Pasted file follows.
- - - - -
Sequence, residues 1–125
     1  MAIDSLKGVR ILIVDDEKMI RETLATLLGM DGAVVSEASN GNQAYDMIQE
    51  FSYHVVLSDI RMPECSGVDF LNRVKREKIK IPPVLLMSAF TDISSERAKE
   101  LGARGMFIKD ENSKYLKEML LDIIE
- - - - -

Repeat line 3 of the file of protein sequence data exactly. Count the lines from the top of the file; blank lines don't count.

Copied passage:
    51  FSYHVVLSDI RMPECSGVDF LNRVKREKIK IPPVLLMSAF TDISSERAKE